Washington, D.C.’s NFL team is named with a racial slur against Native Americans: you know, the one from the old John Wayne westerns where people say things like “the only good Injun is a dead Injun.” The name has long been controversial, but the team and fans alike have resisted changing it, and even the large African-American fan base has been unmoved by such questions as “how would you like it if they were called the Washington Sambos?”

However, there are signs that the attitude is changing. An insightful piece in yesterday’s Washington Post by local affairs columnist Courtland Milloy explains that the obstinacy is largely because the team’s rise to NFL prominence after it was finally integrated in the early 1960s produced a sense of pride, and it has been hard to disassociate the name from that pride. But as Milloy also points out, the team’s prestige has gone far downhill, so that one basis for resistance to changing the name is fading.

Thus in his recent State of the District address, the mayor pointedly avoided using the word, simply speaking of “our football team,” even though he has backed off any suggestion of requiring a name change as a condition for the team to move back into the District from a Maryland suburb. And WaPo itself is starting to get on board. As its “Ombudsman” (don’t get me started on the inaccuracy of using that term for him) now summarizes, two columnists besides Milloy (a maverick) have now endorsed a name change. An editorial can’t be far behind.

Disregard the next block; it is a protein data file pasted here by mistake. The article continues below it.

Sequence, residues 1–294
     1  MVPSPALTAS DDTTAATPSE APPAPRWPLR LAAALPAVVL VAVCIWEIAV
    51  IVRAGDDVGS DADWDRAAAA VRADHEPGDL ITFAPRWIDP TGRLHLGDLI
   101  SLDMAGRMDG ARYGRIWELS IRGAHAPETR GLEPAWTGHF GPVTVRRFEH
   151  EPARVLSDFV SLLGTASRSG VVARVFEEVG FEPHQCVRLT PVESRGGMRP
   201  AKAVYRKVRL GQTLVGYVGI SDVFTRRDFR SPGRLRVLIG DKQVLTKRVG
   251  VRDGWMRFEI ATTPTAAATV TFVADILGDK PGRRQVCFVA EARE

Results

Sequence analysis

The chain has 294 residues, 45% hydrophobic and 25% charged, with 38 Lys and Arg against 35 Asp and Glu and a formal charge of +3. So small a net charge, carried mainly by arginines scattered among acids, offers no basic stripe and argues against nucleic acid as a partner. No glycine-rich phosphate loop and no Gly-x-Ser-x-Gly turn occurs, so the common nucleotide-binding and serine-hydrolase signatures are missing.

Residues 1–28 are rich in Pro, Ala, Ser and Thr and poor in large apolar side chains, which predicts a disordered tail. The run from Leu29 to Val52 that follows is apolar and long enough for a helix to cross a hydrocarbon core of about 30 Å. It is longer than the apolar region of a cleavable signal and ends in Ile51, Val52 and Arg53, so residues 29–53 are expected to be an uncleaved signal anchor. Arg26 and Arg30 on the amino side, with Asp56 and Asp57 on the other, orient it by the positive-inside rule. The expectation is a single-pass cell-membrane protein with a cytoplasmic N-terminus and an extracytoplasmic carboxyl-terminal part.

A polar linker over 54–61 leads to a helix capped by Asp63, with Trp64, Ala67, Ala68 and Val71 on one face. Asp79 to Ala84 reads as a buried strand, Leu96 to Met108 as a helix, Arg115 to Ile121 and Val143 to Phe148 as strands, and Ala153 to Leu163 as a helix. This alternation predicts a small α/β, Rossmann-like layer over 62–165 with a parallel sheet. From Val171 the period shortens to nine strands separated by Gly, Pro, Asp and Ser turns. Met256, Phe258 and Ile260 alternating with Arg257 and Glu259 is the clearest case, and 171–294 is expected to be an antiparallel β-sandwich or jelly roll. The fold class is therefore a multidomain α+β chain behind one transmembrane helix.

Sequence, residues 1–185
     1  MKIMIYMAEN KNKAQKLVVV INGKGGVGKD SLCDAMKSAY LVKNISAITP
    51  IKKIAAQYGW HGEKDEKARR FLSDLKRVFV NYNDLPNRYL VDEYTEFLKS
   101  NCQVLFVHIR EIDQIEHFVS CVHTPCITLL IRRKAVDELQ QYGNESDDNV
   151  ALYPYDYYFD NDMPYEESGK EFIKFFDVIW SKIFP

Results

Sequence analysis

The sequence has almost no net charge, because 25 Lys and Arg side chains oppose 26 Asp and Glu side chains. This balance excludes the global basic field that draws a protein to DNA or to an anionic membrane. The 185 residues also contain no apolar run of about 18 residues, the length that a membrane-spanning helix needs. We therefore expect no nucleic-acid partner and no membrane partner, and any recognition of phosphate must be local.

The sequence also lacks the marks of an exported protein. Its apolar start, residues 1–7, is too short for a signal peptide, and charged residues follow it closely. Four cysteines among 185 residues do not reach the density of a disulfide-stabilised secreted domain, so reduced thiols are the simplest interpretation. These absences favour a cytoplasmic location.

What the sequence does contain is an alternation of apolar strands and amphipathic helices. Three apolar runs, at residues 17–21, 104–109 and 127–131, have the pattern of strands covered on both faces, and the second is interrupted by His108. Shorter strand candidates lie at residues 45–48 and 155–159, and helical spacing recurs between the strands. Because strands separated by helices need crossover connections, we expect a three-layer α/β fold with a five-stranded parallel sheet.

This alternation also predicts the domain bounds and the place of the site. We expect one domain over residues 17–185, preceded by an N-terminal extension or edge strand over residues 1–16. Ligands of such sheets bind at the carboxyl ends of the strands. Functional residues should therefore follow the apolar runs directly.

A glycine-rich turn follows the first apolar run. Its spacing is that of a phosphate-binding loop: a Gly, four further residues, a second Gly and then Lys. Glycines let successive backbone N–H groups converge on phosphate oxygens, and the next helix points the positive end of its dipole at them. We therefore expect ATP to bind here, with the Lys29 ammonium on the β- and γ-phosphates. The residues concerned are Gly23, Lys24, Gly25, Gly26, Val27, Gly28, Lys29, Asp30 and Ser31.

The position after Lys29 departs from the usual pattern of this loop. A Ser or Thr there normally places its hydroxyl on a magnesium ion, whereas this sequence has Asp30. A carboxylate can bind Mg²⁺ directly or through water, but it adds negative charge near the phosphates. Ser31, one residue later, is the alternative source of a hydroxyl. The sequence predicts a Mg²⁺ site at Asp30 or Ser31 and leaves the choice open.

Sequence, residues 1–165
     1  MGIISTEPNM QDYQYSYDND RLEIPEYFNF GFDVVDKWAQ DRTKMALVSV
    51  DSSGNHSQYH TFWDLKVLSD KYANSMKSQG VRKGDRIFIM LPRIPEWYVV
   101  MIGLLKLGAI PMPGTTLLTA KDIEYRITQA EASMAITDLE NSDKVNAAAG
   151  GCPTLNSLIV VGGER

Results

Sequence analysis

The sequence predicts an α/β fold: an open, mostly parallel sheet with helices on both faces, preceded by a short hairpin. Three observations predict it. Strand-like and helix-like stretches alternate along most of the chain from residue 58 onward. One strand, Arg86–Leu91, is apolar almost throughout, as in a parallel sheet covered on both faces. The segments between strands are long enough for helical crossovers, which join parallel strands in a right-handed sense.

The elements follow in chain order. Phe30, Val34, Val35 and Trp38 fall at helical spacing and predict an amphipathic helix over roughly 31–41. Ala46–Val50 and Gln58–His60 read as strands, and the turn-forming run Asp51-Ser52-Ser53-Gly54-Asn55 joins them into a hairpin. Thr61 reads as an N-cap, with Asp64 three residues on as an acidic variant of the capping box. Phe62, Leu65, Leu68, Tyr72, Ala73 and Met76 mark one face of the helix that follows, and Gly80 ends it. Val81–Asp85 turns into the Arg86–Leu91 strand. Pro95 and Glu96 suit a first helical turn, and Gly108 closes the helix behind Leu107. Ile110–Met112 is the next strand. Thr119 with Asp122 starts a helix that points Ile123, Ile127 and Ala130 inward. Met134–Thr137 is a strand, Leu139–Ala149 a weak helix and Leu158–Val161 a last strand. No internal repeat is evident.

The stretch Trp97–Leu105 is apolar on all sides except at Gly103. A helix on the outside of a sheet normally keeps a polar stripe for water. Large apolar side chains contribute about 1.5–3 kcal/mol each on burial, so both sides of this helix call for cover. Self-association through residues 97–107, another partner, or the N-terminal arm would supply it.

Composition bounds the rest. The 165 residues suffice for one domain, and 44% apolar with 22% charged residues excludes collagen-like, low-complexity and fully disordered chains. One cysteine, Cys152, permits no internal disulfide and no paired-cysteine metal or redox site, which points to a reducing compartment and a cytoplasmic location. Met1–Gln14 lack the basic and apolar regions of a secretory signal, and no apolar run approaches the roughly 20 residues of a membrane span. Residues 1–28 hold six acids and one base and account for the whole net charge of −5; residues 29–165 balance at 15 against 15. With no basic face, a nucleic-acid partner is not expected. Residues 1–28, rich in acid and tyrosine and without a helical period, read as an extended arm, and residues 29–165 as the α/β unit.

This flurry of reformist sentiment coincides with a symposium held two days ago at Washington’s National Museum of the American Indian, where the issue of racial stereotypes as sports mascots was discussed by panelists like longtime Cheyenne and Hodulgee Muscogee activist Suzan Shown Harjo, who was involved in a 1990s failed lawsuit precisely against the Washington team. The point was made that the best chance of forcing a name change might well be a new lawsuit that is in the works against the team’s trademark (the failure of the last one was due to a technicality).

You also have to wonder if the symbolism of a racist name for the team representing the capital city of a nation with an African-American chief executive might not be getting noticed in the corridors of power. We shall see, but my prediction is that the change will happen, and at a date not too far off.

Hold forth, people, but be forewarned: any comment that spells out the R-word will be flagged.

E. F. Beall

E. F. Beall